Lykavittos

The goddess Athena was carrying a bloody big rock to crown the Acropolis (which means “high place” anyway – gods are so into overkill) when she learnt of the death of her bosom buddy Pallas and, distraught with grief, dropped the rock that became the hill known since antiquity as Lykavittos.

She might have made it more accessible too, the ingrate. Trekking up there with a heavy tripod, panoramic head and camera kit weighing far too much when evening temperatures are still in the low 30s is a bitch. There is a funicular, but I’m one of those awkward bastards who refuse to acknowledge they’re getting old. It’s far more soothing – for the soul, at least – to risk cardiac seizure and heat stroke.

The hill is the highest point in Athens proper. The vertiginous summit is loved and hated by megalomaniacs and vertigo sufferers in equal proportion. Of course there is a church up there, along with one of the most expensive restaurants in Europe and a far cheaper bar staffed by geriatric tortoises disguised as waiters. Take your own bottled water and a book.

The hill takes its name from the generally held idea in ancient times that it was inhabited by wolves. Perhaps it should be rebranded ‘touristvittos’, as the views are extraordinary, much better than from the Acropolis. There is also a natural amphitheatre on an outcrop which is used as a venue for concerts. I saw James Brown, Macy Gray and the Preservation Hall Jazz Band all perform there. Perhaps American artists have a natural affinity with wolves…

I was rather disappointed with the night-time panorama. The Parthenon and the Vouli (parliament) are completely blown out. High air pressure has kept a lot of dust in the atmosphere (the plain of Athens really is a dust bowl), which explains the light smears. I also used the wrong lens and had to stop down the aperture because it’s windy up there and 20-second exposures get blurry. The other shots from and of Lykavittos were obviously taken at other times.

Might have to go back, but this time I’ll set off earlier, take it easier – and take some water with me.

Lykavittos at dusk

Crane your neck / tilt the screen, etc., and blame Web 2.0 architecture or PB for the inability to post panos correctly

A slightly more comfortable view, not taken at the same time as the above

View from Lykavittos taken shortly after rain when the air was very clear. I used a 200 mm telephoto which compressed the distances between objects far from the lens (the phenomenon is known as “foreshortening”). The Parthenon looks like it's a five-minute walk from the sea, but it really, really isn't.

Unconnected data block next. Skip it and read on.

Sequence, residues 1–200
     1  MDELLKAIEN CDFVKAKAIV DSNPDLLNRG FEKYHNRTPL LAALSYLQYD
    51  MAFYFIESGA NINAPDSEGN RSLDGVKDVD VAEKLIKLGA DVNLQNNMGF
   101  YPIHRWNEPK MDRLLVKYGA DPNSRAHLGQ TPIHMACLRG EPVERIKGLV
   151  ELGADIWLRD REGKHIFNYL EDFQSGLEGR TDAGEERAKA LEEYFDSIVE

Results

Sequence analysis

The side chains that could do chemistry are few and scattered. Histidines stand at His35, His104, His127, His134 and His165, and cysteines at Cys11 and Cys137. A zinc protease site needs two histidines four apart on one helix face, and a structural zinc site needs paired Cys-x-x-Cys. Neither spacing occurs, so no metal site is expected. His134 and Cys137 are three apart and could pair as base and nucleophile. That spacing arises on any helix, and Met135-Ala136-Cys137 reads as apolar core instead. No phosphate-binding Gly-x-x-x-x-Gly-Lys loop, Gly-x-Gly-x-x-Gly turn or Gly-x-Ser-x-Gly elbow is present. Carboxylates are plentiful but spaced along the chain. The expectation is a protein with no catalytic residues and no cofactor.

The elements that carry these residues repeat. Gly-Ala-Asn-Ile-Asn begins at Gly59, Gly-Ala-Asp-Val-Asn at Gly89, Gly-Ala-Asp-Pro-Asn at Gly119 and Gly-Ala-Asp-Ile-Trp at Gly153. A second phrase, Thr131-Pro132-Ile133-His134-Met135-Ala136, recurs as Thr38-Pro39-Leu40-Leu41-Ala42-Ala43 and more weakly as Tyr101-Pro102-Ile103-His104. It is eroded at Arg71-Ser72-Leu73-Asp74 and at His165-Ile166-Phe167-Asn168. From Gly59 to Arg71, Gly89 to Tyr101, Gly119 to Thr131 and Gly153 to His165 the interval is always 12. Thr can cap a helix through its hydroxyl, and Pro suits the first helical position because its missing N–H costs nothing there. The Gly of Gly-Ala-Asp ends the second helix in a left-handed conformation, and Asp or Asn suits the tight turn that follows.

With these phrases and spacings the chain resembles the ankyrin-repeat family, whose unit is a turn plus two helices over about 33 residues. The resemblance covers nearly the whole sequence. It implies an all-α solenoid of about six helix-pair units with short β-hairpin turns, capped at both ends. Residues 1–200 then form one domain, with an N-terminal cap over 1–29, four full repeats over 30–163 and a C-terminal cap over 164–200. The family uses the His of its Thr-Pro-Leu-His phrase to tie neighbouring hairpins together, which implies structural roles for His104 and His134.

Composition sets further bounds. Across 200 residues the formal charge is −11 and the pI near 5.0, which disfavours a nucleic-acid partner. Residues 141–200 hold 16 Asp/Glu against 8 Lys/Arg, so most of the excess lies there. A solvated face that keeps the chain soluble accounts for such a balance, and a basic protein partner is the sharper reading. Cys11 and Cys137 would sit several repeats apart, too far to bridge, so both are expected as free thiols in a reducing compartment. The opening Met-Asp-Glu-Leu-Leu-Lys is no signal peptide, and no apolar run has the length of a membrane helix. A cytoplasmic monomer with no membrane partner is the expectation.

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    There are 24 comments, add yours!

    • # Stormfish

      gorgeous. how can you ever leave this place... are you sure you are doing the right thing?

      2009.06.17 Reply Cancel

    • # Tim

      geriatric tortoises disguised as waiters lol,,,I have to go there,,,

      2009.06.17 Reply Cancel

    • # David Swatton

      Interesting set - don't think I have seen these views before - that classic shot of the Acropolis tends to be from below. Thanks for the interesting perspective.... and use the f****** funicular next time :)

      2009.06.17 Reply Cancel

    • # Riaz

      excellent set! Ouch my neck, but Panos is beautiful! Thanks for sharing the details, makes interesting reading!

      2009.06.18 Reply Cancel

    • # Jon Laysell

      Neat shots - love the colouring. Thanks for the info on foreshortening. I think some of those tortoises have got waiting jobs round this way too ;-)

      2009.06.19 Reply Cancel

    • # Lostaspens Dad

      Beautiful! Interesting, I never thought about posting a Panorama on end like that. My favorite is # 1 tho. love the color and lighting

      2009.06.20 Reply Cancel

    • # Shell Smith

      Gorgeous gorgeous gorgeous! I love Greece; it's got to be my favourite place to holiday. Never been to Athens mind, I should get myself out there!

      2009.06.21 Reply Cancel

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